However, among others, economist José Alameda, professor at the Mayagüez University Campus (RUM, Spanish acronym), has questioned that the labor reform can be seen as a mechanism of economic growth. "That's why", Alameda recently told El Nuevo Día, "no government official can -with reasonable certainty and through a mathematical or econometric exercise- assert how many jobs a strategy like this would create".
Under PROMESA Law, which also created the territorial judicial system to restructure the public debt of Puerto Rico, the Board will have power over the local government until four consecutive balanced budgets and medium and long term access to the financial markets are achieved.
"While the lack of cooperation with the Board may be good in political terms in the short term, it simply delays the return of confidence and extends the time it will take for the Oversight Board to leave the island", said Gregory Makoff, an expert from the Center for International Governance Innovation (CIGI) who worked for a year as an advisor to the Department of Treasury in the Puerto Rican case and had previously served as managing director of the Citi Group.
Makoff has recommended the Board and Rosselló to propose Judge Swain a cut from $ 45 billion, to $ 6 billion of the public debt backed by taxes, with a payment of only 13.6 cents per each dollar owed, with the aim of equating it with the average that the states have.
The idea of balancing the debt of the Island with the reality the states are facing is welcomed within the Board, according to one of the sources.
The intention of the Board is to disclose tomorrow - perhaps in the evening - the fiscal proposals that it plans to certify in its meetings on Thursday and Friday, which it convened yesterday at the San Juan Convention Center.
Firstly, on Thursday, the Board wants to certify on the fiscal plans of the central government and the one of the Electric Power Authority (PREPA).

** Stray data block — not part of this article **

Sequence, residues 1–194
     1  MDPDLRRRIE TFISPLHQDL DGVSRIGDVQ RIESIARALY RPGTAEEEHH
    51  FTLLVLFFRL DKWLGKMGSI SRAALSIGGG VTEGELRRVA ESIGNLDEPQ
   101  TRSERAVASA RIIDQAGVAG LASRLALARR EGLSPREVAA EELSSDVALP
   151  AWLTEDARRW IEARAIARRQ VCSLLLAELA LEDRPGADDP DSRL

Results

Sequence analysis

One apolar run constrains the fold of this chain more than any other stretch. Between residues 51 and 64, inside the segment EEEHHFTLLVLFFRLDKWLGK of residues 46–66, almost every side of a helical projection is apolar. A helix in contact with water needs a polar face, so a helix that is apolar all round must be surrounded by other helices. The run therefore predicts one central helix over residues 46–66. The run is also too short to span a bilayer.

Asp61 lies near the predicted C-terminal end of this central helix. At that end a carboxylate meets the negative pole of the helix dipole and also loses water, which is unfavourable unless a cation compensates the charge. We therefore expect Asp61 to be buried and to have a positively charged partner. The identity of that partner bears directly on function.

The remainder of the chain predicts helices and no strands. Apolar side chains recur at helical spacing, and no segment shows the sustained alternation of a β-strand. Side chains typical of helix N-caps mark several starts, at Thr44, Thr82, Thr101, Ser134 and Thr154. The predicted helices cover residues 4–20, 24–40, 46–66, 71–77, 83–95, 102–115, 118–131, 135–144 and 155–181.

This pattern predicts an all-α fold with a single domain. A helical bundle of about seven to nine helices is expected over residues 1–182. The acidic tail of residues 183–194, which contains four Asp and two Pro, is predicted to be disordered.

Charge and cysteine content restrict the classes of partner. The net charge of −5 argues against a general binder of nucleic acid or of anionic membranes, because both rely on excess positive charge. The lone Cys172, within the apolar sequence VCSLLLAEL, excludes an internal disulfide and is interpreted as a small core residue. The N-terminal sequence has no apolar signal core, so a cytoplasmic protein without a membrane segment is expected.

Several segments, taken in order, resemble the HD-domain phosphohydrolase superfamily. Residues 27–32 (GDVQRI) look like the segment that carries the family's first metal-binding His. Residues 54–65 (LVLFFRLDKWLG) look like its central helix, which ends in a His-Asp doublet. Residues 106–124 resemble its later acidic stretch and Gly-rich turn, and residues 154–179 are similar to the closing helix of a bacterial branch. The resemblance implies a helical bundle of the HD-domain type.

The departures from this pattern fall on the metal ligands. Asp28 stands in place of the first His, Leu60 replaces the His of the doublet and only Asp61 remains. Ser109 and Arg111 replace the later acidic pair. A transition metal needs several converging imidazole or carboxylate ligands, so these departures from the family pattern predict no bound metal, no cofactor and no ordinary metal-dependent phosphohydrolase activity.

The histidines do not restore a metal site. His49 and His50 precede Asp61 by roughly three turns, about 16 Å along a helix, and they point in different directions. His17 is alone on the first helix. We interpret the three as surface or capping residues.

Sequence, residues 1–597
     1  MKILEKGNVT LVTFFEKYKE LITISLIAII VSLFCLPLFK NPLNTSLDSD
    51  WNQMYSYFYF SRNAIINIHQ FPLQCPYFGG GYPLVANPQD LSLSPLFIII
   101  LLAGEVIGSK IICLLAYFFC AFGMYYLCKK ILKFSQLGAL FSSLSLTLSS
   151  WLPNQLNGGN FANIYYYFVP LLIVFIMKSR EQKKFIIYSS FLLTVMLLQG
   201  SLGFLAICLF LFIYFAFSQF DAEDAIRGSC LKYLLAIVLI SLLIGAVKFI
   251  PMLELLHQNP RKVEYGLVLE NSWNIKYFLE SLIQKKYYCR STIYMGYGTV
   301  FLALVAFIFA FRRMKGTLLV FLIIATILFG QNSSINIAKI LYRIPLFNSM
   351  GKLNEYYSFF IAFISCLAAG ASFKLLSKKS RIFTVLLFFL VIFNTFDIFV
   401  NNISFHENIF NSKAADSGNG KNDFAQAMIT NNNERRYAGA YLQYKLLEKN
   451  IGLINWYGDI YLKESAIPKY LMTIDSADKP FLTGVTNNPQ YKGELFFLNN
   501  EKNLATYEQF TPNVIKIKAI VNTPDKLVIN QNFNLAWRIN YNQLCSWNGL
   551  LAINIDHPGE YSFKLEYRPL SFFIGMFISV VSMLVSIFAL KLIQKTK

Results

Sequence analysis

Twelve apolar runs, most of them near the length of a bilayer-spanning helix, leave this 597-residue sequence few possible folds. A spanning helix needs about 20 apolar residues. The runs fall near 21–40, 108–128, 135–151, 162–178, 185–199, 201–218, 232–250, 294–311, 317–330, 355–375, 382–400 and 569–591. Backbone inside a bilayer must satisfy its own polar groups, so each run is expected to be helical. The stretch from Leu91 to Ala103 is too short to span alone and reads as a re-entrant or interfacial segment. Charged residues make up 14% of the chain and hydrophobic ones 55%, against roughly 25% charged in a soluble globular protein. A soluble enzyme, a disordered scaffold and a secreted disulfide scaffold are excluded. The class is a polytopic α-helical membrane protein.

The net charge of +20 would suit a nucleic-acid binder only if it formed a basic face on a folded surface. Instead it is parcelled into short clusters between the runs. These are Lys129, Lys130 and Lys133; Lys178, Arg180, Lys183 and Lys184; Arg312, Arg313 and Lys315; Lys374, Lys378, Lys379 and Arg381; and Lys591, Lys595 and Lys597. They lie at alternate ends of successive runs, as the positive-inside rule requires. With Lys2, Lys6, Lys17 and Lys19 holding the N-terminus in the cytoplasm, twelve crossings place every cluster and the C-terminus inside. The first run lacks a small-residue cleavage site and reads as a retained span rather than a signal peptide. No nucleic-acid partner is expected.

The next day, it would vote on the plans of the other public corporations: the Aqueducts and Sewers Authority (PRASA), the Highways and Transportation Authority (PRHTA), the Government Development Bank, the University of Puerto Rico (UPR) and the Cooperatives Supervision & Insurance Corporation (COSSEC, Spanish acronym).
Unlike other occasions, the Board would disclose the fiscal plans it intends to certify at least 24 hours before the sessions. And the fiscal plan of the central government would be disclosed on Tuesday, according to one of the sources.
Despite the specific differences on the pension reform and labor benefits, government and Board sources say that the dialogue between the parties has been constant, either directly or through the advisers of both parties.
Agreements reach more than the 90 percent of the content of the fiscal plan, they said.
The road to court
Although it requires legislation, the debate on pensions is a controversy that the Board can take to the bankruptcy Court when the debt adjustment plans are considered, perhaps at the end of the year, agreed the two sources close to the board-
"It is clear that the court will eventually resolve that issue" said one of the sources, indicating that the Board has the power to propose a reform in the retirement systems.
The Board does not have administrative or legislative mechanisms to implement a labor reform.